Morrison Foerster was one of the first law firms targeted by the American Alliance for Equal Rights, an anti-affirmative action group. The firm modified the language of a post on its website about diverse recruitment, but Kernisant says the case will not deter the firm’s diversity efforts.

Katy Ryan
Orrick, Herrington & Sutcliffe

Katy Ryan saw a gap in the market for financial services institutions to manage a complex array of regulatory and licensing requirements — and played a lead role in creating Approved to help fill it. The service was launched in 2018 at law firm Buckley, which merged with Orrick in 2023. The service aims to simplify the process of obtaining and maintaining licences for financial services, such as business lending, mortgages, car loans and debt collection, across different US state jurisdictions. Its technology tracks more than 40,000 licence requirements from more than 275 agencies.

Approved is offered at a flat fee, and is staffed by a variety of professionals, including directors, programme managers, licensing analysts, and technologists. The team reports an annual revenue of about $30mn and is planning to expand into Europe.

David Cohen
Reed Smith

David Cohen leads the firm’s global records and electronic discovery team. He has worked in the field for more than 30 years, participating in the evolution from paper copies to microfilm, email, and other forms of digital records.

Through his work on protocols and with academic institutions, he promotes common US standards for ediscovery. This is a particular focus in light of the emergence of artificial intelligence-generated deepfakes, a development that raises questions over what can be accepted as evidence by courts. He continues to advise clients in complex litigation and overall records management, and has drafted and supported amendments to state and federal rules on ediscovery.

In 2020, Cohen led the design and launch of an ediscovery mobile app that offers checklists and rules of procedure on discovery that is free to the public. It continues to add new content and interactive features as the field evolves. The app has been downloaded more than 4,000 times.

Will Gaus
Chief innovation officer
Troutman Pepper Hamilton Sanders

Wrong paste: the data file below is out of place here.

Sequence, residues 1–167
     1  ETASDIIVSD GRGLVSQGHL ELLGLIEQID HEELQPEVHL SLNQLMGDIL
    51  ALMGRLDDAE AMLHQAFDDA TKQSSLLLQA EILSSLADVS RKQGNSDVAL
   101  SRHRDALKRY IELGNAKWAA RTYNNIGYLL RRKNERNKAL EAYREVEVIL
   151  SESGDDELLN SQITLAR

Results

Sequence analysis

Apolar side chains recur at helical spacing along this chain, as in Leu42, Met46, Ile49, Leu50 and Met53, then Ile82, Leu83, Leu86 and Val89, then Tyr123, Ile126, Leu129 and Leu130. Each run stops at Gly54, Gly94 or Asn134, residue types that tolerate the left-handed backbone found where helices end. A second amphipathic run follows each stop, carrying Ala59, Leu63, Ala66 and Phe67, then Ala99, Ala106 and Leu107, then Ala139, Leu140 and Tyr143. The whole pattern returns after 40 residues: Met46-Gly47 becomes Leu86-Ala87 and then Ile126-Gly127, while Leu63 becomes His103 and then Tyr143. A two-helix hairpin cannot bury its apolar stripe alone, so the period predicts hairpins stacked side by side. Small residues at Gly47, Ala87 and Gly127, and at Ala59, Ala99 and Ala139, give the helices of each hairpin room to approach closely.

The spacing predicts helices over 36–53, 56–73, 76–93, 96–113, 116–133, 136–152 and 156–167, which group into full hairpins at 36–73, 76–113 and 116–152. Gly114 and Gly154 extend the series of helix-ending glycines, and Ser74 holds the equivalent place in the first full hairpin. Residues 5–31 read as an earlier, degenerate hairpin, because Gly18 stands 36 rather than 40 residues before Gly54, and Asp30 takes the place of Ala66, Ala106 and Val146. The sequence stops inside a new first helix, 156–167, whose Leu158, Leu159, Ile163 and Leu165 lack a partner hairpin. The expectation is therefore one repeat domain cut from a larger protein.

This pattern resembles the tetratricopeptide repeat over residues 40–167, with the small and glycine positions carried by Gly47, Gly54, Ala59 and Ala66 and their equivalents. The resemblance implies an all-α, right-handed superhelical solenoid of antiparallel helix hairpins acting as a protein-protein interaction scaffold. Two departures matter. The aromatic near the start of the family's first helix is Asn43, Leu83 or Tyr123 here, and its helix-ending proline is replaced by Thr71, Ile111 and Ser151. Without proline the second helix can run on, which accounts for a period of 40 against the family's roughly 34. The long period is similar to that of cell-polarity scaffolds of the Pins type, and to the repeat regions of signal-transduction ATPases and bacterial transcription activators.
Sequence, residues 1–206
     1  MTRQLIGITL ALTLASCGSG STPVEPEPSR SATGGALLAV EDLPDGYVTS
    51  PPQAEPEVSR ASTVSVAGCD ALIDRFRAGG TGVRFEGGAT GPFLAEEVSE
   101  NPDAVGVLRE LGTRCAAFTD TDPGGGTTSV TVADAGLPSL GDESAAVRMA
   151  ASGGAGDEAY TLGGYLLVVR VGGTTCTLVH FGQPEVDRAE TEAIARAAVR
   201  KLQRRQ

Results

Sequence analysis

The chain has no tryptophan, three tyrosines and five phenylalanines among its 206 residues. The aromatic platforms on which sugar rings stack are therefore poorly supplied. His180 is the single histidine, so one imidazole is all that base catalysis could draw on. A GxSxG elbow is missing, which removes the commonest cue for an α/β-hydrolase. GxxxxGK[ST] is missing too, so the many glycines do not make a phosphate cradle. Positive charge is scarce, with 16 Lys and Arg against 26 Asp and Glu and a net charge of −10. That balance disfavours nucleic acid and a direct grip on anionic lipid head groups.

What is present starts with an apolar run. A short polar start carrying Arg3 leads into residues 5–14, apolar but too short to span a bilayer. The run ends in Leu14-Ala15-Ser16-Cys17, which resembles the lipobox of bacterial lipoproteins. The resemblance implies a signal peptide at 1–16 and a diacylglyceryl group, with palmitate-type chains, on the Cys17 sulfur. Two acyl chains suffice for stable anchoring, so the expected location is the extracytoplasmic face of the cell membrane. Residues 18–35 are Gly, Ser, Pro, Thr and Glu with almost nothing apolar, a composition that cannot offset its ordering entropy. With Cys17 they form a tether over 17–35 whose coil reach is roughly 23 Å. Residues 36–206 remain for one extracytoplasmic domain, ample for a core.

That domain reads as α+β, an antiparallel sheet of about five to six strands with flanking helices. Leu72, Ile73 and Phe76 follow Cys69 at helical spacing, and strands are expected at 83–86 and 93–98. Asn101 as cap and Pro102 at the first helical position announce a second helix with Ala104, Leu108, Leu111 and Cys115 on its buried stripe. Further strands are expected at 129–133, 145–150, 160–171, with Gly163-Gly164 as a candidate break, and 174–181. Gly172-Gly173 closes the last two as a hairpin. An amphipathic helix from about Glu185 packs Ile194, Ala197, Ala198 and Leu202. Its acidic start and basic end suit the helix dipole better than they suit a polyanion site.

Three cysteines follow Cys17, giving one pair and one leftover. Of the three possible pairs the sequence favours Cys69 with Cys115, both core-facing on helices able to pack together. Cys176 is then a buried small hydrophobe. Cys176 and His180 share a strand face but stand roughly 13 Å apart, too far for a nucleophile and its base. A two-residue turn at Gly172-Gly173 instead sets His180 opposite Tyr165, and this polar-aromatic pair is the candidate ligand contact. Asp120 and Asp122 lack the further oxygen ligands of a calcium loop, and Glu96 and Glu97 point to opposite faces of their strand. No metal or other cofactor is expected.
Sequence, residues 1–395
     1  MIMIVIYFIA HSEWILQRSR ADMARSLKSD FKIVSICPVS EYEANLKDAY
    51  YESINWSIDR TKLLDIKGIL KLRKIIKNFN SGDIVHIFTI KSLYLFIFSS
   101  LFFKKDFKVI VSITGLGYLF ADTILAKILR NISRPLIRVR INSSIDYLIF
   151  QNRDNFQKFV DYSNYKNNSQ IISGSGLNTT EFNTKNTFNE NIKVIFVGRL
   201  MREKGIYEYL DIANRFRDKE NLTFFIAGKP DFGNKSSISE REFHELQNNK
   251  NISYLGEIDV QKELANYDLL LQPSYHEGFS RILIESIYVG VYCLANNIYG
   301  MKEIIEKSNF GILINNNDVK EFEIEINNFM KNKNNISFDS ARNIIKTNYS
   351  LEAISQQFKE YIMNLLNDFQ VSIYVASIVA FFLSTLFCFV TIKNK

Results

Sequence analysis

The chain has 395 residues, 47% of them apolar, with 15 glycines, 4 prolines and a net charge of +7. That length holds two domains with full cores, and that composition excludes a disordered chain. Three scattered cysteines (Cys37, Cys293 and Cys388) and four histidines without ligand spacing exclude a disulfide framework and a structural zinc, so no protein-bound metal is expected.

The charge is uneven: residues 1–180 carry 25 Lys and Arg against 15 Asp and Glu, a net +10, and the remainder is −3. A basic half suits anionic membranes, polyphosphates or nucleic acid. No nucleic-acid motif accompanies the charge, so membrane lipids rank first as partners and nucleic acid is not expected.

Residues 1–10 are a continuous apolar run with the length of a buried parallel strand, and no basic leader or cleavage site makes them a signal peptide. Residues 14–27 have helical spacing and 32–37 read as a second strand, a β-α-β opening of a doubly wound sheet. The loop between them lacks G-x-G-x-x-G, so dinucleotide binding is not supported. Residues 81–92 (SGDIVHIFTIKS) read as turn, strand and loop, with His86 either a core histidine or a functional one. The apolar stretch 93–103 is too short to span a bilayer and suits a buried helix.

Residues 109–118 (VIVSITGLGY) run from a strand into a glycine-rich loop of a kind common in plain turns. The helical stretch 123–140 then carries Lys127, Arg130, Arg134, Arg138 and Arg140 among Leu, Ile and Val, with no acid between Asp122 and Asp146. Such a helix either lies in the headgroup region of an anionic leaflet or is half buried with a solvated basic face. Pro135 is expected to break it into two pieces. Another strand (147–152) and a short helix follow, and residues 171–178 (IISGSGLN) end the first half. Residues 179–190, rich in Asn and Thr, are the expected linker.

© Handout

Will Gaus has been tasked with encouraging innovation at the firm since the 2020 merger of Troutman Sanders and Pepper Hamilton. He oversees technology implementation and data science initiatives, including an analytics project to store client relationship data on a single platform, and an app called MobileOn, where people at the firm can access resources to aid them in professional development and wellbeing.

Gaus leads the firm’s generative AI task force and headed the development of the firm’s generative AI chatbot, Athena, which uses OpenAI’s large language model, supplemented by the firm’s own data.

The chatbot has been released to everyone at the firm to encourage experimentation and is used by lawyers for research.

Miriam Buhl
Pro bono counsel
Weil, Gotshal & Manges

© Handout

Miriam Buhl has made it an expectation that lawyers at all levels at the firm should commit to pro bono hours.

She supports individual lawyers in their cases and co-ordinates Weil, Gotshal & Manges pro bono resources, such as technology, associates, and external relationships.

Examples of the firm’s impact include work with the Innocence Project, a non-profit organisation that works to overturn and prevent wrongful convictions, on a tech-heavy project to clear a backlog of 5,000 prisoner requests for aid in 2019 and helping to achieve the 2023 exoneration of Tyrone Day, who was wrongly imprisoned in 1990.

Buhl has overseen Weil, Gotshal’s lawyers working on many projects, including assisting the Public International Law and Policy Group, a global pro bono law firm, on a draft law for a Ukrainian war crimes court.

Since Buhl joined Weil, Gotshal in 2005, its lawyers have committed more than 1mn pro-bono hours. They added more than 80,000 hours last year.

Copyright The Financial Times Limited 2024. All rights reserved.
Reuse this content (opens in new window) CommentsJump to comments section

Follow the topics in this article


Comments have not been enabled for this article.